hotel lake mountains
Many Glacier Hotel, Glacier National Park, Montana (Photo: Courtesy Xanterra Travel Collection)

The 20 Best National-Park Lodges in the U.S.

Get a front-row seat to epic views and adventure by staying at a national-park lodge. From Yosemite’s Ahwahnee Hotel to Shenandoah’s Big Meadows Lodge, these are our favorites.

hotel lake mountains

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Try to picture a national-park lodge. You’re likely conjuring up images of hand-hewn timber frames, large granite-encrusted fireplaces, and exposed wooden beams, right? That’s no accident. These aesthetics are all a part of National Park Service Rustic style, or, as it’s more colloquially called, Parkitecture.

When the National Park Service (NPS) was formed in 1916, public-land managers were caught in a bit of a pickle—building infrastructure to accommodate growing visitation while preserving natural and cultural resources for future generations. The Rustic style park lodges were created to accommodate the early visitors who often arrived after multiday train journeys. I’ve had the privilege of exploring and dining at a handful of these storied structures, and, trust me, they are as impressive today as they were when they first opened.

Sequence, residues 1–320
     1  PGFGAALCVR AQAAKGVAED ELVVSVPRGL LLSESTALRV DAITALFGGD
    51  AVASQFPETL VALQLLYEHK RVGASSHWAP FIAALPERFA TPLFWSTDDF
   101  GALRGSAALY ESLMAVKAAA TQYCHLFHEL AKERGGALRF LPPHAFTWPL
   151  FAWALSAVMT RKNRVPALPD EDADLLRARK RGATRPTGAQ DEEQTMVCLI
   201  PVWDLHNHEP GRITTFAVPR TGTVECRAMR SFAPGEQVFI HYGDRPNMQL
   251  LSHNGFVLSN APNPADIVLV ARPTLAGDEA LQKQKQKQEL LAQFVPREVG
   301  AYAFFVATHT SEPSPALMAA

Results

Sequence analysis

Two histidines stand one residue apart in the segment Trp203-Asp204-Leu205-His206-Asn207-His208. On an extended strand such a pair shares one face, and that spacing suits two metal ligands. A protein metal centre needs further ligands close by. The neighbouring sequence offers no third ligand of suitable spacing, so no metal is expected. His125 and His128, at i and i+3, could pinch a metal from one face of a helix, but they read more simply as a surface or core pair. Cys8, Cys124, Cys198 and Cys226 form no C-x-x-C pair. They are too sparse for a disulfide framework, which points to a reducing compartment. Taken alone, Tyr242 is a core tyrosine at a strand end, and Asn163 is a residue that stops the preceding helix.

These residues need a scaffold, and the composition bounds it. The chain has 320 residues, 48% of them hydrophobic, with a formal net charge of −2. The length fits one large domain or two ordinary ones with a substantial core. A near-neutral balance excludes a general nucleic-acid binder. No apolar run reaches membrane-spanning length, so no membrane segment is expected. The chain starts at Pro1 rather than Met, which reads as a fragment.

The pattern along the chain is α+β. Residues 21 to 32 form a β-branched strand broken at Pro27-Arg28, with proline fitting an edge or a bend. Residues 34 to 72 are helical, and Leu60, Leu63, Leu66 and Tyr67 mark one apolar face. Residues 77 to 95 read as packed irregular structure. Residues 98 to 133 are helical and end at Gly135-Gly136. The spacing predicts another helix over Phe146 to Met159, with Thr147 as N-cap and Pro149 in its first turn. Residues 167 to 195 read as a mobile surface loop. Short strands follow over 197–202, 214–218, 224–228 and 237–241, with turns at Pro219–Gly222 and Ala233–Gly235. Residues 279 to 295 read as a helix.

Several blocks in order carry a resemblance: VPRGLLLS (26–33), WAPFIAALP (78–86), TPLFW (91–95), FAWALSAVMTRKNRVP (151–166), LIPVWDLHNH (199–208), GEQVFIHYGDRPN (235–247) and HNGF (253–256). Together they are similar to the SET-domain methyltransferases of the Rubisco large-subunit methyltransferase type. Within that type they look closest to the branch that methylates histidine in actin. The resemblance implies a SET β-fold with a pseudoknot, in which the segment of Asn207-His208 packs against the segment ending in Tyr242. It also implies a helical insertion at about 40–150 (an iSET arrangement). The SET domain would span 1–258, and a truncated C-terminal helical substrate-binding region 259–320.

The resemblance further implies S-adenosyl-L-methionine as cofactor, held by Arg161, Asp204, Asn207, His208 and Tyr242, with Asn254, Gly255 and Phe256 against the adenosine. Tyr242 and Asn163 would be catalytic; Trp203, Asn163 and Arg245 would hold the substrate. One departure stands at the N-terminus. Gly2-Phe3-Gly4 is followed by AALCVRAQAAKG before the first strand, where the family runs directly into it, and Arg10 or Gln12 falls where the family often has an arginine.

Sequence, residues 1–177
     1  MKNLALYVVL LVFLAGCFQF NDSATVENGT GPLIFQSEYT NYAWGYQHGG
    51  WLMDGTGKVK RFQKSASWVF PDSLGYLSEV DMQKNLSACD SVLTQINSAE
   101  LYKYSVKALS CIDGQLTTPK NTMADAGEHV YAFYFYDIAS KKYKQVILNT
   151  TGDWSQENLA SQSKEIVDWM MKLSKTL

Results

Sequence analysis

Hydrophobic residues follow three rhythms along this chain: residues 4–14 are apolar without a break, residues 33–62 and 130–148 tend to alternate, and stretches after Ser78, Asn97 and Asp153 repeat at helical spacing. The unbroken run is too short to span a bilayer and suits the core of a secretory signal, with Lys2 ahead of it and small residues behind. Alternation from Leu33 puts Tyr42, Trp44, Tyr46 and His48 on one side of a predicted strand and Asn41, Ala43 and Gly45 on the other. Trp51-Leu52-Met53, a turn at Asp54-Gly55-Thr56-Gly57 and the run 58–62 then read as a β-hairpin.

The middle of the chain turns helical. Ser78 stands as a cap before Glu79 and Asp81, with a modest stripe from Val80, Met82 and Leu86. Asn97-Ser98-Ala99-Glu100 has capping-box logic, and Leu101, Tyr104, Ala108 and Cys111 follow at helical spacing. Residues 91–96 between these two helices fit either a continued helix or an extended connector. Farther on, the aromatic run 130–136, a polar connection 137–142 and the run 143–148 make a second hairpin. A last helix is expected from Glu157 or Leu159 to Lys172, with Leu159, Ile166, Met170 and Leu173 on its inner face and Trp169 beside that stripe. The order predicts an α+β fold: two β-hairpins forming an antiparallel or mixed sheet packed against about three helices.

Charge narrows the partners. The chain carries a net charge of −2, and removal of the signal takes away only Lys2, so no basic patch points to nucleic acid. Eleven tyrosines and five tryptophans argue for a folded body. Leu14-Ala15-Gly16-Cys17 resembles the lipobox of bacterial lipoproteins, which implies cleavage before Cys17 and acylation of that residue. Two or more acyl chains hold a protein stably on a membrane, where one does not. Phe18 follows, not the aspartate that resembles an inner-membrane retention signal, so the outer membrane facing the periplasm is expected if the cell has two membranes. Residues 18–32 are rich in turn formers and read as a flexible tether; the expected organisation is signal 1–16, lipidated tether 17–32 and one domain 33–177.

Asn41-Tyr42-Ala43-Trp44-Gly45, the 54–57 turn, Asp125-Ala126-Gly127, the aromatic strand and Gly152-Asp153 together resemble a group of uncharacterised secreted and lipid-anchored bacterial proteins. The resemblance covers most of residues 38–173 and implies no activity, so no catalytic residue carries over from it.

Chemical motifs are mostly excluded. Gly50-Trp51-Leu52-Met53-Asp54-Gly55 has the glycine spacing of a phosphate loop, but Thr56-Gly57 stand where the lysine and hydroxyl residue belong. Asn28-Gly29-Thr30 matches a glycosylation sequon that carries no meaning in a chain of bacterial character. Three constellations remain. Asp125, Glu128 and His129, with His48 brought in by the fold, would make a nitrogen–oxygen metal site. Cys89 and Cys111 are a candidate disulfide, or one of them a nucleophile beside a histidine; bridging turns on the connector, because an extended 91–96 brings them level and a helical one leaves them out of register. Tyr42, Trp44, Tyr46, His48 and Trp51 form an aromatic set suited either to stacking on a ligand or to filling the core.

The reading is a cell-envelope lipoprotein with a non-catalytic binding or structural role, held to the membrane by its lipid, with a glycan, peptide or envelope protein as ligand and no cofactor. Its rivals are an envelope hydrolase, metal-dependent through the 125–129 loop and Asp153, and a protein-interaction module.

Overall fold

rustic dining hall
The Spottswood Dining Room, Big Meadows Lodge, Shenandoah National Park. (Photo: Delaware North at Shenandoah National Park/goshenandoah.com)

This groundbreaking architectural movement was conceived with the intention of designing buildings to blend into, rather than impose upon, the landscape. Log columns and stone chimneys were created out of native materials. Dramatically sloping roofs drew the eye up and toward nearby mountains, and windows were strategically placed to give guests exquisite natural views from every room, while grand dining halls and lounge areas encouraged visitors to gather and mingle, a hallmark of the new “national park experience.”